Demand for organic and natural beauty products has taken off in recent years, with new trends constantly developing as research reveals the additional benefits of various ingredients. Here are some top picks of the latest trends in natural and organic beauty.
Do you still believe there is no way to defy gravity? Think again. Kigelia Africana has long been used by the women of Southern Africa to firm their skin and bust. The fruit contains powerful skin firming constituents, including kigelione and powerful plant sterols. Apply the gel to your face daily, and watch how it effects your skin by seemingly defying age and gravity. In a base of pure aloe juice, Kigelia gel makes a great daily moisturizer, too.
This unusual fruit grows on trees in Africa and looks like huge sausages hanging from ropes. The oil from it has been used for generations for a variety of potent remedies, namely as a powerful anti-inflammatory with firming properties—African women have used it a natural breast firmer for generations, and the fruit's antibacterial properties also help with blemish-prone skin.
Turmeric has been used as a beauty product for centuries by Indian cultures because it does a tremendous amount for brightening, while evening out the complexion and giving skin a healthy glow. It also provides powerful anti-inflammatory properties and antioxidant protection from free radicals that can damage skin.
“Turmeric is definitely a favorite of mine,” says May Lindstrom, the natural beauty guru behind the cult-fave eponymous skincare line. For skin, specifically, she says, it’s an anti-inflammatory powerhouse: “Turmeric is rich in curcumin, a natural active ingredient that promotes the healing and brightening of skin.”
There is a great deal of research that speaks to this. One 2001 study found that thanks to its exceedingly potent antioxidant and anti-inflammatory properties, curcumin can help speed up the healing of wounds. Another conducted in 2007 found that the compound aids in skin regeneration in a variety of respects, from boosting collagen production and diminishing psoriasis to protecting against free radicals.
Researchers have found that, when taken internally, curcumin can help relieve symptoms of arthritis, Alzheimer’s, and digestive inflammation. Many scientists are even excited at the prospect of its abilities to fight skin cancer.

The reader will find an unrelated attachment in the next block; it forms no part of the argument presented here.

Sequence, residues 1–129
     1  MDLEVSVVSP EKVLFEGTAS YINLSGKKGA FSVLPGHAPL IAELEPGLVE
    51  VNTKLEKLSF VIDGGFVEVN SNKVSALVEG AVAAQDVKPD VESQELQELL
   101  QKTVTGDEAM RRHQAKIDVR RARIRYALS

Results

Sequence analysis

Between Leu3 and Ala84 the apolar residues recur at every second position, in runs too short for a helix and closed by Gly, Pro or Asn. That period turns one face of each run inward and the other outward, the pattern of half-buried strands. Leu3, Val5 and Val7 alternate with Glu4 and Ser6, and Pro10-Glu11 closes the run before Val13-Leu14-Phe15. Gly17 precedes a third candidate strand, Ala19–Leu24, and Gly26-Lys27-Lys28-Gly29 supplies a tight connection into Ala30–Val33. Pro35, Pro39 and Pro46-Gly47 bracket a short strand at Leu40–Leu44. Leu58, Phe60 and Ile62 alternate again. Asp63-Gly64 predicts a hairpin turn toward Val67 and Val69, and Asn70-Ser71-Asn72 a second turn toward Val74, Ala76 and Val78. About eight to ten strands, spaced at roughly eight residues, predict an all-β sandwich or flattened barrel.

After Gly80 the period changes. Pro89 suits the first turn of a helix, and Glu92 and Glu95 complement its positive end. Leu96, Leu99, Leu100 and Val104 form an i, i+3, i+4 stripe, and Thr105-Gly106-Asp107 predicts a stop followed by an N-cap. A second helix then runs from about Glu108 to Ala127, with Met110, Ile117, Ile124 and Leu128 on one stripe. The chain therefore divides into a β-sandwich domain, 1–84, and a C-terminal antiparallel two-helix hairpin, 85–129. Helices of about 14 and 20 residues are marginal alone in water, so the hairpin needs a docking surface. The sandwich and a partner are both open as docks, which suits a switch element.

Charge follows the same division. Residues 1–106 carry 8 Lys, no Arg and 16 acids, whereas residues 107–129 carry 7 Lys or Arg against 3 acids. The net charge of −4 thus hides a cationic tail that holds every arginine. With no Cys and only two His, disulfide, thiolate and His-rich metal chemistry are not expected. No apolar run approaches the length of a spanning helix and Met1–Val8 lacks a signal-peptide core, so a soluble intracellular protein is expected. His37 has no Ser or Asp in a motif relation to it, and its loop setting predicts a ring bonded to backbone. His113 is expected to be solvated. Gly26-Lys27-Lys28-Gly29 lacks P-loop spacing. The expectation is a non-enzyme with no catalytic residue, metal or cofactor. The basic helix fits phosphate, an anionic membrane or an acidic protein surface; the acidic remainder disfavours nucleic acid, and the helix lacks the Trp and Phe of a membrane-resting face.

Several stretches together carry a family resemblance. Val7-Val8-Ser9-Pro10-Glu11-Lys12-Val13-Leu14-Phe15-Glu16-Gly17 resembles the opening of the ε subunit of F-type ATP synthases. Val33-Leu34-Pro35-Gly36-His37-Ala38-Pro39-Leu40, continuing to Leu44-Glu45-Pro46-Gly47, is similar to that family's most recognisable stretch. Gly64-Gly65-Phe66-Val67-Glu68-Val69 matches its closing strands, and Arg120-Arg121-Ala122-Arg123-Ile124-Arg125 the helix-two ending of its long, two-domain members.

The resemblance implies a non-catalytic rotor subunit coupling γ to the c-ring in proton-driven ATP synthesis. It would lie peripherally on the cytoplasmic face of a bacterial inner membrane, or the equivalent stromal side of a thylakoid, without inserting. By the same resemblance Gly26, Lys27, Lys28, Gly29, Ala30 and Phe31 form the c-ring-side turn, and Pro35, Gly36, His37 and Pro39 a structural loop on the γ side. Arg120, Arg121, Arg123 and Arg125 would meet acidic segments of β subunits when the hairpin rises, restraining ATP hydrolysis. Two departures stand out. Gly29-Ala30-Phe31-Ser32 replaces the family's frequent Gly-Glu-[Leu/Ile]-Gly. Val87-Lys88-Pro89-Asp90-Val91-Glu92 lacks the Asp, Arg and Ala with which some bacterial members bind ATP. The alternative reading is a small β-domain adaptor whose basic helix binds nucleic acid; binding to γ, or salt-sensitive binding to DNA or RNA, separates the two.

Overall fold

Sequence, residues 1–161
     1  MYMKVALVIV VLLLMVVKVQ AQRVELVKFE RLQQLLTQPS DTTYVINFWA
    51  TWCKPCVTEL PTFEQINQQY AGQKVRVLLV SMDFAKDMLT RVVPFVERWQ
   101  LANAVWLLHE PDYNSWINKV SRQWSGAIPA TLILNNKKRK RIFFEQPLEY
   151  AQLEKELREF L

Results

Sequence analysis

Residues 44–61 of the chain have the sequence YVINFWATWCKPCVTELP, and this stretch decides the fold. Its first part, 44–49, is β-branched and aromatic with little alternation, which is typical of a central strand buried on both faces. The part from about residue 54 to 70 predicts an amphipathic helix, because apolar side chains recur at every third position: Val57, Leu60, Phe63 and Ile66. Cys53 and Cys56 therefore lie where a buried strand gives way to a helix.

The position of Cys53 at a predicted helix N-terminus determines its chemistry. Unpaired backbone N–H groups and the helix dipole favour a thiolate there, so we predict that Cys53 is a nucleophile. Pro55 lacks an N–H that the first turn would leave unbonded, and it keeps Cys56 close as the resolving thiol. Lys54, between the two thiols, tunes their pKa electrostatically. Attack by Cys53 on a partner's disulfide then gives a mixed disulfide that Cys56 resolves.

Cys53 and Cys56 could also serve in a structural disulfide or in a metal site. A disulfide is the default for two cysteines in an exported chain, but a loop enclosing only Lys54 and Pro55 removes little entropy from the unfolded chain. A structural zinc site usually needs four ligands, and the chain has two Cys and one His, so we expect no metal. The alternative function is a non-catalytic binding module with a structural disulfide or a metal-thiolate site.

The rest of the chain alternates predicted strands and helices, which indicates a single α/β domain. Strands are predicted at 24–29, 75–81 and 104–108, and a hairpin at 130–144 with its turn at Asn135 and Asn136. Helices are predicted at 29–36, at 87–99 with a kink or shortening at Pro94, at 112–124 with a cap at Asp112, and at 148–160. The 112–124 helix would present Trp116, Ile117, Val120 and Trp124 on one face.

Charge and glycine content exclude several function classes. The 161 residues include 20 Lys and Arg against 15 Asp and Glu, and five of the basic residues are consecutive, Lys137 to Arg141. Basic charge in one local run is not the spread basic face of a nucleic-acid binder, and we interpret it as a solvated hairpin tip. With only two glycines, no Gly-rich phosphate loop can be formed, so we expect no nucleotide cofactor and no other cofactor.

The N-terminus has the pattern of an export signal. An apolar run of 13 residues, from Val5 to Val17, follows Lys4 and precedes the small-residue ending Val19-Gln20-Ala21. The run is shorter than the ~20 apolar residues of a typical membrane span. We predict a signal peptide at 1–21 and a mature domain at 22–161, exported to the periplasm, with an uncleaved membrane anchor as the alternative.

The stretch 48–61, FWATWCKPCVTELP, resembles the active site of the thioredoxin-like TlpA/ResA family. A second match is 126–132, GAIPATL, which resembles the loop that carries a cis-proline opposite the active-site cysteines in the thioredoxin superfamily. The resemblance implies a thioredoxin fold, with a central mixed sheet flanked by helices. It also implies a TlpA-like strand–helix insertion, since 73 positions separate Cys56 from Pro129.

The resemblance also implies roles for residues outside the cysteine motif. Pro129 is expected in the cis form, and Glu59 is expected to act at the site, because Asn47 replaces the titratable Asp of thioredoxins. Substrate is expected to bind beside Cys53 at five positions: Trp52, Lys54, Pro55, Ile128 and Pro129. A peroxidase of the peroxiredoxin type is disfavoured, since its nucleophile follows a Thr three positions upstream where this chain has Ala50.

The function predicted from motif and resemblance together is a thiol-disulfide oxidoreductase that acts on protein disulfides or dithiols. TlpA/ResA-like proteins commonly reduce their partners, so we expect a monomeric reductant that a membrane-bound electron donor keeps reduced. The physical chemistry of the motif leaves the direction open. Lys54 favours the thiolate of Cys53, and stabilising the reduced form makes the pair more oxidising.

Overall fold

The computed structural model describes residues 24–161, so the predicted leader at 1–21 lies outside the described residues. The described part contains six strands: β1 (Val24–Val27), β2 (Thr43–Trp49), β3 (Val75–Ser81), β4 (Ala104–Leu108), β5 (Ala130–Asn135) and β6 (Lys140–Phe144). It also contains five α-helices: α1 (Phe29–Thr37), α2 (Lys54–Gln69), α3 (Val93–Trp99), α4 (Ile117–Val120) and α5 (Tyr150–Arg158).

This is all modern science, but “women have been applying turmeric topically for hundreds of years,” says Lindstrom. And, while those struggling with inflammatory skin issues like eczema, psoriasis, and rosacea will likely find a lot of relief with this pantry staple, anyone can see their complexion benefit from it. “It’s gorgeous for softening the symptoms of acne, rosacea, and to lessen fine lines and wrinkles,” she says.
If you happen to have turmeric lying around, it’s pretty easy to whip up a skin-perfecting mask. Because curcumin is like dynamite to acne, you can also use it to target blemishes and clogged pores, especially in conjunction with detoxifying clay powder.
Chamomile, meaning “ground apple,” has been imbibed for centuries in the Roman Empire, during Egyptian rule, and in ancient Greece. Prized for its special flavonoids, chrysin, or chamomile (Matricaria recutita, or Matricaria chamomilla) offers numerous health-boosting benefits. With its anti-inflammatory and anti-septic properties, chamomile helps in clearing up skin irritations such as eczema, acne, and allergies.
This herb is also full of flavonoids and essential oils. These penetrate the skin, going into the skin layers. Chamomile is known as a “tisane,” which is any non-caffeinated herbal concoction made by pouring hot water over the leaves, stems, and roots of plants. You can make your own chamomile tea with other plants like lavender or tulsi to vary the flavor, or drink it alone.
There are many applications for dried chamomile, including tinctures and essential oils, though the easiest and most often used is an infusion or tea. For stomach ailments, muscle spasms, and help in falling asleep, use about one tablespoon of dried herb per cup of water. Pour boiling water over the herbs and allow them to steep for about 5 minutes. Strain and enjoy.
Where once beauty products were loaded down with toxic chemicals (albeit in small doses), the pigments of natural makeup products are becoming really bright and beautiful, not to mention cruelty-free.
From lead, to petroleum, to endocrine-disrupting plastics, the chemicals that conventional makeup expose us to seem beyond not-worth-it for a slightly darker mascara or a brighter shade of lipstick. But the math can look different when you’re about to go on a date with someone you really like, or a job interview, or you’re about to be photographed: The product that makes you look the best—and not necessarily the most made-up—is the one you want.
On the red carpet, movie sets, or magazine shoots, synthetic beauty products have been the go-to choice. Natural pigments have traditionally not been terribly vibrant, bright, or dark, and the textures rarely rivaled those of the really luxurious conventional brands.